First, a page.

Experimental levitation bed, England, 1978-1980

Made:
1978-1980 in England
maker:
Blundell

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Experimental bed for continuous weight measurement during psychic experiments. Used by Professor J.B. Hasted of the Physics Department at Birkbeck College in his research on human levitation. Hasted was an accomplished physicist who accepted of the reality of psychic phenomena such as levitation and metal-bending based on his own personal experience. He set out to prove their reality using orthodox instruments of physics, aware that this would tarnish his scientific reputation. He hoped his work would contribute to a new interpretation of quantum theory and to a softening of the positions of hard-line skeptics and hard-line parapsychologists.

Hasted's research on levitation built on the ideas of writer Arthur Koestler, and on previous attempts to measure weight changes during human levitation. Earlier work used a type of weighing machine that did not give a continuous readout. This bed, constructed by an engineer in Hasted's lab, used a rubber mattress outfitted with various pressure and temperature sensors to give a continuous electrical trace of the downward pressure exerted by the subject's body. It was an adaptation of a balistocardiograph, an instrument invented around the 1930s to measure minute heart-rate and blood-pressure changes in a subject lying on a bed. Hafsted recorded changes in his subjects' mass of up to 200 grams, which he attributed to the subjects' state of mind.

Human levitation is the ability to raise one’s own body unaided off the floor. It is a phenomenon many dismiss as a magic trick. Professor J. B. Hasted of the Physics Department at Birkbeck College used this apparatus to research human levitation. Hasted was an accomplished physicist, who accepted the reality of psychic phenomena such as levitation and metal-bending based on personal experience. He wanted to prove their reality using orthodox instruments of physics even if it meant tarnishing his scientific reputation. He hoped his work would contribute to a new interpretation of quantum theory. He also wanted hard-line sceptics and hard-line parapsychologists to soften their positions.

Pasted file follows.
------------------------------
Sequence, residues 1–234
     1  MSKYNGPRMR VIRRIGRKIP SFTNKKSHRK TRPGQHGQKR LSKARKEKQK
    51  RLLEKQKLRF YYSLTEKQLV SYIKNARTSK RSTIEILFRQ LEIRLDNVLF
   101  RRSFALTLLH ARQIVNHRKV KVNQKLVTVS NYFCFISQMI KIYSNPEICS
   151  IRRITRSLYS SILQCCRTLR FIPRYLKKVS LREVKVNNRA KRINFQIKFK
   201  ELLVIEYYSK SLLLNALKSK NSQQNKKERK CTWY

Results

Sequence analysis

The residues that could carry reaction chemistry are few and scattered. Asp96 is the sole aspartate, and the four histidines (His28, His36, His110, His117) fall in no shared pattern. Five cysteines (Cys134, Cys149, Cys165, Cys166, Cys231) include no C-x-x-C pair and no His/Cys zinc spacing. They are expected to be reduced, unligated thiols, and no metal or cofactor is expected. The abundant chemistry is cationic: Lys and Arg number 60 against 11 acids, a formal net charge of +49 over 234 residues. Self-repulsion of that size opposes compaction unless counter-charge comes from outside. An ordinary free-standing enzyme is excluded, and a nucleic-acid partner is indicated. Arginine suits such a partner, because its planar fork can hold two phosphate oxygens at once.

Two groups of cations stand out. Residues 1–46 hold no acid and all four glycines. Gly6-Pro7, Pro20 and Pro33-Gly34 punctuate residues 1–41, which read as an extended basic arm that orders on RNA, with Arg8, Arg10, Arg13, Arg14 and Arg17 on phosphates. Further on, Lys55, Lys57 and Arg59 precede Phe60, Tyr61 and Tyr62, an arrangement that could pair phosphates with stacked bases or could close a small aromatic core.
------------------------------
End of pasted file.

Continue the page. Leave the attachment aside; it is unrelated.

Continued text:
Hasted's levitation research was built on the ideas of writer Arthur Koestler and previous attempts to measure weight changes during human levitation. Earlier work used a weighing machine that did not give a continuous readout. The bed used a rubber mattress fitted with various pressure and temperature sensors. This gave a continuous electrical trace of the downward pressure exerted by the subject's body. It adapted the balistocardiograph, an instrument invented around the 1930s to measure minute heart-rate and blood-pressure changes in a subject lying on a bed. Hasted recorded changes in his subject’s mass of up to 200 grams. He attributed this to the subject’s state of mind.

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Details

Category:
Psychology, Psychiatry & Anthropometry
Object Number:
1986-1502
Materials:
metal and rubber
type:
bed
taxonomy:
  • furnishing and equipment
  • furnishing - artefact
  • furniture
credit:
Birkbeck College, Dept. of Physics

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